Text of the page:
Redrock cliffs, sandstone arches, desert vistas and ancient archaeological remains are more permanent than the fossil fuels under them. They will exist for ages, unless humans are allowed to destroy them.
That's the kind of permanent resource to put your money on, as the folks in Grand County have discovered.
A recent study by Headwaters Economics, a nonprofit group, shows that outdoor recreation on the county's spectacular public lands has become the area's economic engine, producing jobs and replacing the county's disappearing mines and ranches. And the jobs, like the scenery, aren't subject to the booms and busts that afflict extractive industries.
In Grand County, which surrounds the renowned outdoor recreation mecca of Moab, visitors can go cycling in the morning, hiking in the afternoon and the next day take up river rafting, rock climbing, horseback riding or riding off-road vehicles.
The county, unlike some other parts of Utah with many thousands of acres of public lands, has advertised its bounties and successfully managed the switch from mining to the cleaner, less destructive outdoor recreation model.
Grand's thriving economy should serve to inspire the same kind of approach in other areas, to replace an altogether too common closed-minded focus on traditional Western occupations based on fossil-fuel extraction.
The study shows that tourism and recreation on public lands, including those administered by the Bureau of Land Management and the National Park Service, account for 44 percent of private employment. More than 80 percent of all tourism and recreation jobs are created within the private-business sector, including accommodations, food services and retail trade.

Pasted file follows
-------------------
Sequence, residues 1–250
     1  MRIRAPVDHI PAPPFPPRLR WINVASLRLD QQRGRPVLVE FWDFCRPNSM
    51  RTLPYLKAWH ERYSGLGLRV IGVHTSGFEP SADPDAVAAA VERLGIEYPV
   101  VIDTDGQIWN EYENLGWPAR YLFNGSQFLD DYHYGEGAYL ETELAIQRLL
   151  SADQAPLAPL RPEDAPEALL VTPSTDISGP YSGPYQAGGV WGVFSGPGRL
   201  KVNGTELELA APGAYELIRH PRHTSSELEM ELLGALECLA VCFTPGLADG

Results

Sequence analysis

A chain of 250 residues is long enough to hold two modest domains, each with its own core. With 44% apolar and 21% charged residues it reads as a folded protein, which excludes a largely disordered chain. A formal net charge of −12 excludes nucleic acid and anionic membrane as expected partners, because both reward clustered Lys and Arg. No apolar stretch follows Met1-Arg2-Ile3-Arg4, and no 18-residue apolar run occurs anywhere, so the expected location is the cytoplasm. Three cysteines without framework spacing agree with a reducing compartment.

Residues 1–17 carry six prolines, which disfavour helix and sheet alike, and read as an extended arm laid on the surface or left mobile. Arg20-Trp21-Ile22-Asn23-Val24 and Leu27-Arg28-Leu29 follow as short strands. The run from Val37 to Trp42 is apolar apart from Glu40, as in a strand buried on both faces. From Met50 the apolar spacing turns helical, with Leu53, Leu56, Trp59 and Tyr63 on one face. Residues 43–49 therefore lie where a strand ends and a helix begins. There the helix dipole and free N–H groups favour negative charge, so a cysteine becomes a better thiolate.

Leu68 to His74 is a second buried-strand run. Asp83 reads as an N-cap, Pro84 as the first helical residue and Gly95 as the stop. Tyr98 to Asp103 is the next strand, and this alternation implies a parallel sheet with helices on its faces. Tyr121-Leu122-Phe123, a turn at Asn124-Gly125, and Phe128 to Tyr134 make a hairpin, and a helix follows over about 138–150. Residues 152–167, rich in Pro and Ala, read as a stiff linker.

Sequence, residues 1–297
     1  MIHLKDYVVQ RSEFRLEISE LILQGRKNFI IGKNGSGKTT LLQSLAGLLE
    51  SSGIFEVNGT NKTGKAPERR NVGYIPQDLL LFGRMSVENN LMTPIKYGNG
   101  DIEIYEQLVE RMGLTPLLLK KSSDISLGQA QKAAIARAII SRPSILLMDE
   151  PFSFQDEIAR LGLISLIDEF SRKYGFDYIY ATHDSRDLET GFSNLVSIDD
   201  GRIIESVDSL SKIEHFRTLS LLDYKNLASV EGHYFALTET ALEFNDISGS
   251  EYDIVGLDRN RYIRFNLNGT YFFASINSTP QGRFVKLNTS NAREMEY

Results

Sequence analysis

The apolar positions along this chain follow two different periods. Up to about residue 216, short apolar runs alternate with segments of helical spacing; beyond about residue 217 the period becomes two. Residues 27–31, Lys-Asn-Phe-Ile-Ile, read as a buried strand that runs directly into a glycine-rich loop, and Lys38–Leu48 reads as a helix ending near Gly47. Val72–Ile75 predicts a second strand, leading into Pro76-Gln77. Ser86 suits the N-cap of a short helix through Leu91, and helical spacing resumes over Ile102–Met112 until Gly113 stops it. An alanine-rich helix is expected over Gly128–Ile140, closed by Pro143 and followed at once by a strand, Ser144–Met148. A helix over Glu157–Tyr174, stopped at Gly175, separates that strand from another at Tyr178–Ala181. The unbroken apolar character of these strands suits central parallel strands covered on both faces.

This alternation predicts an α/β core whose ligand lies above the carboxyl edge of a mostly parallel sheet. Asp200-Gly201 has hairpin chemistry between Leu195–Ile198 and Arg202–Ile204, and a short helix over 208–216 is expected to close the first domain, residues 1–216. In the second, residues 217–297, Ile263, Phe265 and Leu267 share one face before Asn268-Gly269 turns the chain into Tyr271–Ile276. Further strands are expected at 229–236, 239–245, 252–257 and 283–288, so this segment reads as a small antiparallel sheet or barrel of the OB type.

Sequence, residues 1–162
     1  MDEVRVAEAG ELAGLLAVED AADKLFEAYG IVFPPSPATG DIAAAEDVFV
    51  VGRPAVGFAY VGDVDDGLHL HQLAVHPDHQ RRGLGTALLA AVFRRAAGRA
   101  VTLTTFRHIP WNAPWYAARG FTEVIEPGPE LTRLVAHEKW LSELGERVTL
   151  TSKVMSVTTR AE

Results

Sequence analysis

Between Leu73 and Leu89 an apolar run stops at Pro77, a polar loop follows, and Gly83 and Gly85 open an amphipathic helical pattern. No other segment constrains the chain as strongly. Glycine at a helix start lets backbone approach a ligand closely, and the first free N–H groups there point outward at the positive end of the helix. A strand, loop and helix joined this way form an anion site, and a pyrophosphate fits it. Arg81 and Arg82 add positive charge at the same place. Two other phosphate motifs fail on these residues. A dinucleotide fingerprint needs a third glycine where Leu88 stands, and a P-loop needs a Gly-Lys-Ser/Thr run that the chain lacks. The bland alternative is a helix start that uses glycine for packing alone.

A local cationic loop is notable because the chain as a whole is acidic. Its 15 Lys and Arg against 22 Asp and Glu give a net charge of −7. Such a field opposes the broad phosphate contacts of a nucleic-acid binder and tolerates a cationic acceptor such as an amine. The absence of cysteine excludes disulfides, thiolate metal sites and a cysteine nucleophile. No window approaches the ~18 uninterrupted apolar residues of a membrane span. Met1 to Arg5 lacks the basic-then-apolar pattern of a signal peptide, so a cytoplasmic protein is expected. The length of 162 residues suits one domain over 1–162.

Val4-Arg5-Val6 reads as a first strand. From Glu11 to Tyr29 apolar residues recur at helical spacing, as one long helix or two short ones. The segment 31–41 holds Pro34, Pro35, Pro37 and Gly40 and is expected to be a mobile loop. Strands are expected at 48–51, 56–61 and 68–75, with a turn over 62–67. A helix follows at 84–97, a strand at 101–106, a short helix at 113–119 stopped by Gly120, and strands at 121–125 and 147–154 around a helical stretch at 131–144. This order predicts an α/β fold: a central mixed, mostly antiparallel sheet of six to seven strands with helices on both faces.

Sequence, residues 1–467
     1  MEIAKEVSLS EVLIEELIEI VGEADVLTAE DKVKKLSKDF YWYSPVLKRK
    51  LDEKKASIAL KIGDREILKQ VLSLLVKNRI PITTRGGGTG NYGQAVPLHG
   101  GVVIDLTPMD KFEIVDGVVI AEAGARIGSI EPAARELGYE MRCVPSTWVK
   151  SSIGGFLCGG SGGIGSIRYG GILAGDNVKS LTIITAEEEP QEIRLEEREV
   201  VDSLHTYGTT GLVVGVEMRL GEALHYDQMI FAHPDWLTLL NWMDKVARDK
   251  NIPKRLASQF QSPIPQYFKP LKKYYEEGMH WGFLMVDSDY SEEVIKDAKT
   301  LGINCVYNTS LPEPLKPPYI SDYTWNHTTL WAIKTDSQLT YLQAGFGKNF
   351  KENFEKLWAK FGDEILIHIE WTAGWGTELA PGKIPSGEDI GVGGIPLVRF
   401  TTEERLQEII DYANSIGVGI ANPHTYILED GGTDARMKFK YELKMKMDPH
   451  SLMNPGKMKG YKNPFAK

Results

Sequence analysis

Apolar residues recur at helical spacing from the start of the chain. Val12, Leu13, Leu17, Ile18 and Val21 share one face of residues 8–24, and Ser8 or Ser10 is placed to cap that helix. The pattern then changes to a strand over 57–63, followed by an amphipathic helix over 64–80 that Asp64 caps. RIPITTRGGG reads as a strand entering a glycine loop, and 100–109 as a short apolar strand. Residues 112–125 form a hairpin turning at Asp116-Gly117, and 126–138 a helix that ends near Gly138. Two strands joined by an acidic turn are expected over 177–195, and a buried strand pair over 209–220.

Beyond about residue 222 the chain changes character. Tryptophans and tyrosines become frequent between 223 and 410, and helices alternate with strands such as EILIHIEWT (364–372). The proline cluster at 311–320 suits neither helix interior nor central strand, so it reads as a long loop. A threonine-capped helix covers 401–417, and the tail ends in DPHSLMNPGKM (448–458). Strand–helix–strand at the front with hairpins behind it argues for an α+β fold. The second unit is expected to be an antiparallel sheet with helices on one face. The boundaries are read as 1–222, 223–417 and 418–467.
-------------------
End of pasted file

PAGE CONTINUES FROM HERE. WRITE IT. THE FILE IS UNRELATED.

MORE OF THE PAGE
In contrast, mining, which once was a major employer in the area, has accounted for only 2 to 3 percent of total employment for the past 15 years, the study reported.
While motorized-vehicle use on established trails is growing in popularity, the research shows that, based on spending by users, hiking has the greatest economic impact on the county, followed by nature viewing and mountain biking. ATV use comes in fourth.
In addition to the economy-boosting visitation in Grand County is the in-migration of retirees and other people with money to spend who want to live in and improve the community. Those who arrive with an energy boom, by comparison, have little interest in what they do to the land or what they leave behind.